Aldus Corporation founder Paul Brainerd, is generally credited for coining the phrase, "desktop publishing" after the development of Aldus PageMaker (now Adobe PageMaker). Before the invention of desktop publishing software the tasks involved in desktop publishing were done manually, by a variety of people and involved both graphic design and prepress tasks which sometimes leads to confusion about what desktop publishing is and how it is done.
Perhaps this list will help you combat your own desktop publishing and graphic design misconceptions or those of others.
Some of the many possible graphic design print projects. | Image © Jacci Howard Bear
Graphic design has been around far longer than desktop publishing. Desktop publishing is simply a software tool that graphic designers can use to help translate their concepts and ideas into the proper format for printing. But desktop publishing software is also a tool that anyone can use to create and print their own designs as well.
Even amateurs usually do better than this. | © Jacci Howard Bear
Desktop publishing by itself isn't design. It is the use of specific software tools to create projects such as business cards, invitations, books, newsletters, bookmarks, posters, and just about anything else that can be printed. Projects can be good or bad. It's the vision and skill of the person using desktop publishing software that determines the quality of the output. Desktop publishing software can be used for creating good or bad, professional or amateur design
- it doesn't discriminate.
A page layout created in desktop publishing software. | Image © Jacci Howard Bear
Most of today's graphic designers use desktop publishing software so in that sense, yes, they do desktop publishing. See the two previous myths for clarification.
A newsletter done in Microsoft Word. | © Microsoft, Inc.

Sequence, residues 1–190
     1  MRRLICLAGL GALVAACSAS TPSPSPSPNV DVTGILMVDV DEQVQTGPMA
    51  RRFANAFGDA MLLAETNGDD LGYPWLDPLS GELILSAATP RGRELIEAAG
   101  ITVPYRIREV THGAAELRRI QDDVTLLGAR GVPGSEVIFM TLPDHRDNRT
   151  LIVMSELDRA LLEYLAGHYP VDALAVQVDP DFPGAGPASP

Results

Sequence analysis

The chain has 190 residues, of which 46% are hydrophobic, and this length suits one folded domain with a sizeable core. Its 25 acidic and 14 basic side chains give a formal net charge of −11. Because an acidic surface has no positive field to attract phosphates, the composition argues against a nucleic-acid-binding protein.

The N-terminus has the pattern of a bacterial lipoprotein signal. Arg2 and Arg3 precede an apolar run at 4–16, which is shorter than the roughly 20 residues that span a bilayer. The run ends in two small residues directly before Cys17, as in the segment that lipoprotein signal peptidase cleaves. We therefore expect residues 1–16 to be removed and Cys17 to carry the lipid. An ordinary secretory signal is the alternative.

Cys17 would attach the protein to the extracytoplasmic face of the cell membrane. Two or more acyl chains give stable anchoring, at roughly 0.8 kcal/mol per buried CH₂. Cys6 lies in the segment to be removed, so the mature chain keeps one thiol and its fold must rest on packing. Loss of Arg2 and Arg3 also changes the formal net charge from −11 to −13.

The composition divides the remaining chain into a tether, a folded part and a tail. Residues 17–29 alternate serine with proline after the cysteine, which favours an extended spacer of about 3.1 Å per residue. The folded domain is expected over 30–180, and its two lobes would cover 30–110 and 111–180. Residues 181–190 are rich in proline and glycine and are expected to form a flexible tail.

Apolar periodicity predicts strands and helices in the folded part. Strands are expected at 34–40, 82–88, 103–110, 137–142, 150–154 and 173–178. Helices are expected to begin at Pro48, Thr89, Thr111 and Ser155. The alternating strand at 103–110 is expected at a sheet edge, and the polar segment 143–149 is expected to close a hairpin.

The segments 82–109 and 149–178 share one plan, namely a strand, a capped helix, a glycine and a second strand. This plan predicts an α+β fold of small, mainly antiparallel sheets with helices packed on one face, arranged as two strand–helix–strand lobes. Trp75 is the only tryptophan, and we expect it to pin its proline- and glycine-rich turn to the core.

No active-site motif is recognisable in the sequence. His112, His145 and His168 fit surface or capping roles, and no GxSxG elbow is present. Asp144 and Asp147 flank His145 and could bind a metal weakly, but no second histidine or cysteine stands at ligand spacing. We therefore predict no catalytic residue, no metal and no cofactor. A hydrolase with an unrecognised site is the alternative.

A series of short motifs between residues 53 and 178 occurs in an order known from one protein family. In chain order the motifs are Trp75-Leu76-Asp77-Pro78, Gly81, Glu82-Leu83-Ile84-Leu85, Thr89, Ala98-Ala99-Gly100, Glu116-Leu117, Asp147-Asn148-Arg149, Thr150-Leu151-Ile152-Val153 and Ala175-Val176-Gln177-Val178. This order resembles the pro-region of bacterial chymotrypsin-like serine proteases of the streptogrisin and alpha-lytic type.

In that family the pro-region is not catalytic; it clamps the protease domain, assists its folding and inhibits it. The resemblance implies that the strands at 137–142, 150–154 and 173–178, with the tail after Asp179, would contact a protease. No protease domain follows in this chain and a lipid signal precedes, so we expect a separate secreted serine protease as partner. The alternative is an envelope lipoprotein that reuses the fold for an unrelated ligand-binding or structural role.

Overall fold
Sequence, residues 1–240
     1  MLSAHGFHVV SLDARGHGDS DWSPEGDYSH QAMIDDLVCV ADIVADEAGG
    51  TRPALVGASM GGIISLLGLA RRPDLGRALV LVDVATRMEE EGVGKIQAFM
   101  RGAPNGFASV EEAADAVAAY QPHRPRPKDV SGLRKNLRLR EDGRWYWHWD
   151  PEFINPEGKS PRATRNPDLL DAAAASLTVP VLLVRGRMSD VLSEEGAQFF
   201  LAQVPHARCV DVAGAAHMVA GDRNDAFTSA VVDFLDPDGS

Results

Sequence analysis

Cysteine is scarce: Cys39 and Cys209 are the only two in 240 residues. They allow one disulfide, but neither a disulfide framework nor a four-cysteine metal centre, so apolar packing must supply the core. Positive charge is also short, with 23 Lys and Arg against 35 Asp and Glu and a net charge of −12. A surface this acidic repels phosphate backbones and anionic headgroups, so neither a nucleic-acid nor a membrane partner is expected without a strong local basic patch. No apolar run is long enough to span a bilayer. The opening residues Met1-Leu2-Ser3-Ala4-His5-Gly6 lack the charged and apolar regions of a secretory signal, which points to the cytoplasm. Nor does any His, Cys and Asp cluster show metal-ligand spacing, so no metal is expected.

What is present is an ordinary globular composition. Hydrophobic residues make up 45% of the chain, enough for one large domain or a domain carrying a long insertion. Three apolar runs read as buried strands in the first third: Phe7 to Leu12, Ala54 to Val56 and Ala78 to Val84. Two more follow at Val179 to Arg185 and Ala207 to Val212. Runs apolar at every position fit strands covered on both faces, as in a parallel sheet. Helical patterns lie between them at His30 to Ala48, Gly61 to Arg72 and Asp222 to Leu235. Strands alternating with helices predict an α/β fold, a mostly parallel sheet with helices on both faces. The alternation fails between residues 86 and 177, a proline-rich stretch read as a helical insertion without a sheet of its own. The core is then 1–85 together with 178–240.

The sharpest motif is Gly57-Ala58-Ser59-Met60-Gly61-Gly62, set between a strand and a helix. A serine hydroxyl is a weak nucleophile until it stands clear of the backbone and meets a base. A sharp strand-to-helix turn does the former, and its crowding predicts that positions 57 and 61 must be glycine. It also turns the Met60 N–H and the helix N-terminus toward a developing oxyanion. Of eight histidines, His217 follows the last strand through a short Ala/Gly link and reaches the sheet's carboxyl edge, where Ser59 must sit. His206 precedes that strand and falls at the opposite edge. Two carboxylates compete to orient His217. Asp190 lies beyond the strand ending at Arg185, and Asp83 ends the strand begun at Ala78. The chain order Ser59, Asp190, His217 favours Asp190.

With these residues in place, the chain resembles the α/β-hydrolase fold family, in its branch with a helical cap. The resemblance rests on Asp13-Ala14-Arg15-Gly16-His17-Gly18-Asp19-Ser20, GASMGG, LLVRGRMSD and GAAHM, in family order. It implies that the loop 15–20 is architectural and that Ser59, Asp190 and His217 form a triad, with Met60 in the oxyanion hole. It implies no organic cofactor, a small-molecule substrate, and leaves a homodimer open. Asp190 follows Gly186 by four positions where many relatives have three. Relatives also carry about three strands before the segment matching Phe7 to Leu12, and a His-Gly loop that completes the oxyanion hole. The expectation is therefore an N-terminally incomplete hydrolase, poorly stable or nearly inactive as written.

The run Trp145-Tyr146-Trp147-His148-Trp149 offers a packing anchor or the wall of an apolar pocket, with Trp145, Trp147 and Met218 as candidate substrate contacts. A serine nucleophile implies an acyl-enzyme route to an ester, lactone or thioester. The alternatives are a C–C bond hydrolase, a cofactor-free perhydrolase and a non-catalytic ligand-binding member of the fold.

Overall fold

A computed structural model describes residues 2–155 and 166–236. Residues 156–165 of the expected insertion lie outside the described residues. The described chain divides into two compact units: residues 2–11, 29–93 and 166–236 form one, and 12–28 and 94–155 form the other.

Yes and no. Desktop publishing software works in a different manner than word processing software. However, word processing software continues to evolve to include more of the features that used to only be available in desktop publishing software. For printing simple projects to a desktop printer, a word processor may be sufficient for your needs. For commerical printing or for complex page layout tasks, desktop publishing software designed specifically for page layout is more desirable.
Presentation in PowerPoint. | © Microsoft, Inc.
No, but people try. You can do desktop publishing and use PowerPoint. That's a fine line sort of distinction. PowerPoint and other such presentation programs are not desktop publishing software. Graphic designers might do some work in PowerPoint but so do office managers, executives, accountants, Web designers, secretaries, and the kid across the street. It's simply a different tool used by many type of people, just as desktop publishing is a tool used by many.
Adobe Photoshop CS4 with photo open for editing. | © Jacci Howard Bear
No. Well, sort of. Adobe Photoshop and programs like it are graphics software. Photoshop is simply one type of software tool used by designers and non-designers. True, graphics software is used by graphic designers and others who use desktop publishing software but it is not a page layout application — the type of software that defines desktop publishing.
Box shots provided by Serif, Broderbund, Nova Development, Microsoft, Quark, Adobe, and Corel.
No. Sure, the advertising hype for "easy-to-use" desktop publishing software claims otherwise but it's not true. It is true that desktop publishing software allows the non-professional designer to do page layout more easily and with a plethora of templates, fonts, and clip art at their fingertips they have the potential to create projects that look really good. But the software itself doesn't guarantee professional-quality design no matter who uses it.